Zurich Financial does not plan to cut its 15 percent equity stake in China's third-largest life insurer, the Swiss insurer's chief executive said on Monday.

The Chinese company, New China Life, is applying for a dual listing in Hong Kong and Shanghai, a move that could raise up to $4 billion, sources told Reuters earlier this month.

Zurich, Europe's fourth-biggest insurer, sold a quarter of its stake in the company to Nomura earlier this year for about $441 million.

We have no plans to dispose the 15 percent (equity stake in New China Life), CEO Martin Senn said at a media briefing in Beijing.

Like other global insurers, Zurich faces damage to its investment portfolio from this month's market downturn, but has reported strong profits for the second quarter, largely because of premium growth in Asia and Latin America.

As a foreign company, Zurich can only operate in China's insurance market with a local partner, giving it a strong incentive to retain at least part of its stake in New China Life.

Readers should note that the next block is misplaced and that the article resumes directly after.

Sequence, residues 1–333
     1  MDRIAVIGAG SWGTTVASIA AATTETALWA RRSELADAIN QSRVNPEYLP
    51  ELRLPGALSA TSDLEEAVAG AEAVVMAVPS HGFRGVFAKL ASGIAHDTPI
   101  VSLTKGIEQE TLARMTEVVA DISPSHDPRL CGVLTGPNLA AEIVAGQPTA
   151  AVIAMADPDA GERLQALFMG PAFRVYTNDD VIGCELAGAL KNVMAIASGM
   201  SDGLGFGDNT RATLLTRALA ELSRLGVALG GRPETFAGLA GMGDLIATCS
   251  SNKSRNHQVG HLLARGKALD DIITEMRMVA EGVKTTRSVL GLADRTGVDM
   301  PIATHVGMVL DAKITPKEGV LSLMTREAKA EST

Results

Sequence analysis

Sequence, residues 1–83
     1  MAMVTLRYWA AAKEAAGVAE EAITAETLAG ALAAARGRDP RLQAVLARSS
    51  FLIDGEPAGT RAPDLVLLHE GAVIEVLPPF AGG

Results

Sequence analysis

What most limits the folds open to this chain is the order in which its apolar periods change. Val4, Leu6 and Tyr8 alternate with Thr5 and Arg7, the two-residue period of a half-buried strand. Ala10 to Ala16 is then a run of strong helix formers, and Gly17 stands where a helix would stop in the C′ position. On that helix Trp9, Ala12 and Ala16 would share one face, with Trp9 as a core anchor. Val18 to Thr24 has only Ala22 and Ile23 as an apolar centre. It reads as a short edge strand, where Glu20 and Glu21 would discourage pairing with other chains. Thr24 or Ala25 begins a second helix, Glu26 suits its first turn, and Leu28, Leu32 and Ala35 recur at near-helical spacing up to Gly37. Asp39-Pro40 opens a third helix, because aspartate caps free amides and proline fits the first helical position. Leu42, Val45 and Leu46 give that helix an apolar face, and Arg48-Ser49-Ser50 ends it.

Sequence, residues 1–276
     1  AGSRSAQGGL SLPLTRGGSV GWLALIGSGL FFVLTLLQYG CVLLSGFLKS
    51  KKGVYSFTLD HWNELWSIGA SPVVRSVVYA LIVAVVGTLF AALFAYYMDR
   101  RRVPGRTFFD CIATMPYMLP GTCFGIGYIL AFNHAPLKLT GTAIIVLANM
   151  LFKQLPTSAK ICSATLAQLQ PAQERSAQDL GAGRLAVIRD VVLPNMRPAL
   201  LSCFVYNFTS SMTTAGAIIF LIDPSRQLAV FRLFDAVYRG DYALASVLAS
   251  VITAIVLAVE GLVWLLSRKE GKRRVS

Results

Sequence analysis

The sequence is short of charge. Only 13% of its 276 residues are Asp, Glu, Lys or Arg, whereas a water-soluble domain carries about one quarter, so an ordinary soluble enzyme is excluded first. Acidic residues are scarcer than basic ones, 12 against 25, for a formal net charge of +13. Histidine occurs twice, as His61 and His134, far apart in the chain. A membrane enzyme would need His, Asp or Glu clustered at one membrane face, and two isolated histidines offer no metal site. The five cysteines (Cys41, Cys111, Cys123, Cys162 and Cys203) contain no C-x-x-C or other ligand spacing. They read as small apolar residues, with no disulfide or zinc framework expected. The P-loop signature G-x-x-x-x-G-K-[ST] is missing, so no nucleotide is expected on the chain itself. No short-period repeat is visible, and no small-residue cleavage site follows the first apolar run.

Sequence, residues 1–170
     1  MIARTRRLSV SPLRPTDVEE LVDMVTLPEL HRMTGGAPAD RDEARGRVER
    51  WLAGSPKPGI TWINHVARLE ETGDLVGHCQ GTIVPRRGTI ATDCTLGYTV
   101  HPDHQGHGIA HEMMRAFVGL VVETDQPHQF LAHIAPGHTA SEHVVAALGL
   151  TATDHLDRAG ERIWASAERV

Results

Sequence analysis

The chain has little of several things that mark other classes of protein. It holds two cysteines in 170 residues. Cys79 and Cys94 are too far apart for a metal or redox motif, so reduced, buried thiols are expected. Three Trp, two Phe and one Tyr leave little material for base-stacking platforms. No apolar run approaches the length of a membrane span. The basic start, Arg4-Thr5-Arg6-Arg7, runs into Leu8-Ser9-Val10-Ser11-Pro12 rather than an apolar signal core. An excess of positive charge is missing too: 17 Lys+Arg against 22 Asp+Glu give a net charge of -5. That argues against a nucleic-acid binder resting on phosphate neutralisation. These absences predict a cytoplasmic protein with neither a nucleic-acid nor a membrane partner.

Zurich Financial will continue to support New China Life as a shareholder and to share expertise with its Chinese partner whenever possible, said Senn.


Senn predicted that Europe's debt crisis would not spin out of control and said that Zurich would come safely through any market turbulence.

Our base case is clearly there is no contagion in Europe. In other words, what we have seen in Greece would not spill over to other economies...i.e., Spain, Portugal or Italy, Senn said.

He added that his company has a strong capital position and the diversified investment portfolio needed to cope with volatile markets.

In particular, he said Zurich Financial is allocating assets in a way to match its liabilities, rather than running after the markets.

Senn said he is pleased with Zurich's investment returns so far. The company has earned an overall 1.7 percent return in the first six months of this year compared with 3.6 percent in the same period last year, according to the company's financial statements.

I am not losing my sleep over the portfolio, Senn said.